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Tuesday, Apr 23, 2024
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The pros and cons of using test scores in college admissions

Everyone who has been in the scope of college admissions is familiar with the daunting tasks of facing standardized tests one way or another through the Scholastic Assessment Test (SAT) or American College Testing (ACT). These tests are a gigantic part of college admissions and can determine whether you are accepted or denied to an institution. 

The COVID-19 outbreak has made many traditional college operations come to a screeching halt, resulting in many institutions allowing prospective students to apply to schools with or without standardized test scores, but the question still remains: should schools still consider test scores during the pandemic or waive them altogether? One must consider the pros and cons of the entire situation and why this choice should be entirely up to the student.

The pros of waiving these tests first include the alleviation of SAT/ACT prep costs. Standardized test preparation is a multi-million dollar industry—specifically “between $400 million to $700 million”—consisting of study books, test preparation classes and counseling to better equip students for maneuvering the logistics and strategies of the tests. Registration fees for these tests are also a significant financial factor that students must cover.

Another benefit of waiving test scores is the alleviation of stress that students may feel when preparing for these tests, which have potentially harmful repercussions of “increased commitments for psychiatric and anxiety issues” due to increased anxiety levels and the possible outcomes at stake for their overall future. Most students take these tests between their junior and senior years in high school, which is one of the most demanding times in a student’s academic career. When this is factored out, students could use this time for other academic pursuits such as applying for scholarships, attending college tours and working and perfecting college essays. 

The cons of waiving these standardized tests should also be considered. Although “scores alone are no longer enough” to get you into a “good” school, one must still consider that GPAs vary from school to school and sometimes do not reflect the standards and demands set at a higher learning institution. While these tests may not display what a student is capable of, they do offer a window into how a student performs under pressure in a time-taxing environment.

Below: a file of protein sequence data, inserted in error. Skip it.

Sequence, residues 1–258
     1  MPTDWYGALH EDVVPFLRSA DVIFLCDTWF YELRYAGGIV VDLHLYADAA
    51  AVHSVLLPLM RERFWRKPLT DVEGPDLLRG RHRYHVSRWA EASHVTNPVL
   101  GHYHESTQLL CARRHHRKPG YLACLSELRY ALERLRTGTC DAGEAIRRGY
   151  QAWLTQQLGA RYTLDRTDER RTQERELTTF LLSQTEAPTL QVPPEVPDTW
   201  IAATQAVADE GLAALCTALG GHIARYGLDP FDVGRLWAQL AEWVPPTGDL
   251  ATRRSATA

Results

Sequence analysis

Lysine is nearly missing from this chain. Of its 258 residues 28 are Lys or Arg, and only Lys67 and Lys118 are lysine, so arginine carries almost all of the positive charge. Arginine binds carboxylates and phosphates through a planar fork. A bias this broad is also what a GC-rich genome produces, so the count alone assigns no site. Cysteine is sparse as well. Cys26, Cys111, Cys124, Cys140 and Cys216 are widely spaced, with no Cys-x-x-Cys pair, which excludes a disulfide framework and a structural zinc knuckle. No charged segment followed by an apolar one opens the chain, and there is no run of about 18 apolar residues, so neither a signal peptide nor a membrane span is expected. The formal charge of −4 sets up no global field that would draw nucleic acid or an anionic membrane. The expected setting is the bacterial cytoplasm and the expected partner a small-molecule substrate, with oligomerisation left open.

Another disadvantage of waiving these tests is the possibility of academic ambiguity with “no real metric of consistency in place” to decide whether a student is fit to join the population of their institution or not. Standardized test scores have held much weight to the college admission process over the years and have influenced overall college rankings, accessibility to jobs and qualifications for various scholarships. If this system is no longer brought to the forefront as the way of accepting students into schools, it would mark “the beginning of the end of our obsession with high-stakes standardized tests” that formerly established the trajectory of those in higher education. 

This pandemic has welcomed the reality of a new normal regarding many once established traditions, including the handling of school admissions. This has been administered by the flurry of decisions being made by executives to eliminate the intimidation of college admission testing altogether as a long term decision. It even leaves the question of why standardized tests have had such a quintessential position in the world of higher learning and academia (this can be answered by socioeconomic status, financial leverage and other potential advances). 

I believe that there should be an option for students between waiving the scores and taking the tests. Taking the tests would give students extra credential weight alongside their application, but shouldn’t hinder other students’ chances when they also have so much to offer. Although this can potentially invite partiality, this option can cater to both those who can provide the necessary financial means for the tests and those who cannot. Students should take advantage of this time as a whole due to the drastic changes that are happening in our country and our world.

The practice of standardized testing is not disappearing entirely from the college admissions process anytime soon. Nevertheless, students should take this opportunity and advantage of proving themselves to an institution without the leering limitations of test scores and challenge themselves to view themselves as more than their score, but what they can bring to the table when looking for an institution to further educate and cultivate them. 

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